Organic compounds in asteroids formed in cold areas of space

A significant breakthrough in space exploration has challenged previous beliefs about the origins of organic compounds in celestial bodies. Scientists from Curtin University in Australia have discovered that polycyclic aromatic hydrocarbons (PAHs), commonly found on Earth as well as in asteroids and meteorites, are likely formed in the cold regions of space rather than in the vicinity of stars. This finding, derived from a study involving controlled burnings of Australian plants to produce PAHs, opens up new possibilities for understanding the chemistry of celestial objects and the potential for life beyond Earth.

The research team, led by ARC Laureate Fellow John Curtin Distinguished Professor Kliti Grice, director of WA-OIGC, analyzed PAHs extracted from fragments of the Ryugu asteroid, which were returned to Earth by a Japanese spacecraft in 2020, and the Murchison meteorite that landed in Australia in 1969. By comparing the isotopic composition of these samples with PAHs produced through controlled burn experiments, the researchers were able to determine the temperature at which the PAHs were formed.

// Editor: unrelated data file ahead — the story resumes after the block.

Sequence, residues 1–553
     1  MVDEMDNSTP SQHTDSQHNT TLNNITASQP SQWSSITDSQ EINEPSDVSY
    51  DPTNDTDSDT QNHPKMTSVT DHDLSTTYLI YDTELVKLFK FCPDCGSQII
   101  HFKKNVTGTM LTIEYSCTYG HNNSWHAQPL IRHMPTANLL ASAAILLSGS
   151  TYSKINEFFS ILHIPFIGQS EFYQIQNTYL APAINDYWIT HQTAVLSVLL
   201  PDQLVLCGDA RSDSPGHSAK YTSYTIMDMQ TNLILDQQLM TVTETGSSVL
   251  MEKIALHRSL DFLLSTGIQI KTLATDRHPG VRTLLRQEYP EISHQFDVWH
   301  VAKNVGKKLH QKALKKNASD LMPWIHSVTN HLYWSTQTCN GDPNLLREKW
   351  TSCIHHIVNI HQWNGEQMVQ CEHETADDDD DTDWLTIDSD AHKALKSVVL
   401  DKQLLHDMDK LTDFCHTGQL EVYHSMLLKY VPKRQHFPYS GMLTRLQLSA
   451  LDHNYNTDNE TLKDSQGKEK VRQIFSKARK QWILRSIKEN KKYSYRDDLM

Surprisingly, the study revealed that smaller PAHs likely formed in cold outer space, while larger ones probably originated in warmer environments, such as near stars or inside celestial bodies. Understanding the isotopic composition of PAHs provides valuable insights into the conditions and environments in which these molecules were created, unraveling the history and chemistry of asteroids and meteorites.

Dr. Alex Holman, a co-author of the study, emphasized the significance of this research in shedding light on the formation of organic compounds beyond Earth. He explained that the use of advanced techniques and innovative experiments demonstrated that select PAHs on asteroids can indeed be formed in cold space. This knowledge not only expands our understanding of the formation of celestial bodies but also provides insights into the origins of organic compounds in space.

This groundbreaking study, published in the journal Science, marks a major step forward in the field of space technology. The research, titled “Polycyclic aromatic hydrocarbons in samples of Ryugu formed in the interstellar medium,” is available for further exploration and serves as a valuable resource for scientists delving into the mysteries of our universe.

Journal Reference:

  1. Sarah Zeichner, Jose Aponte et al. Polycyclic aromatic hydrocarbons in samples of Ryugu formed in the interstellar medium. Science. DOI: 10.1126/science.adg6304

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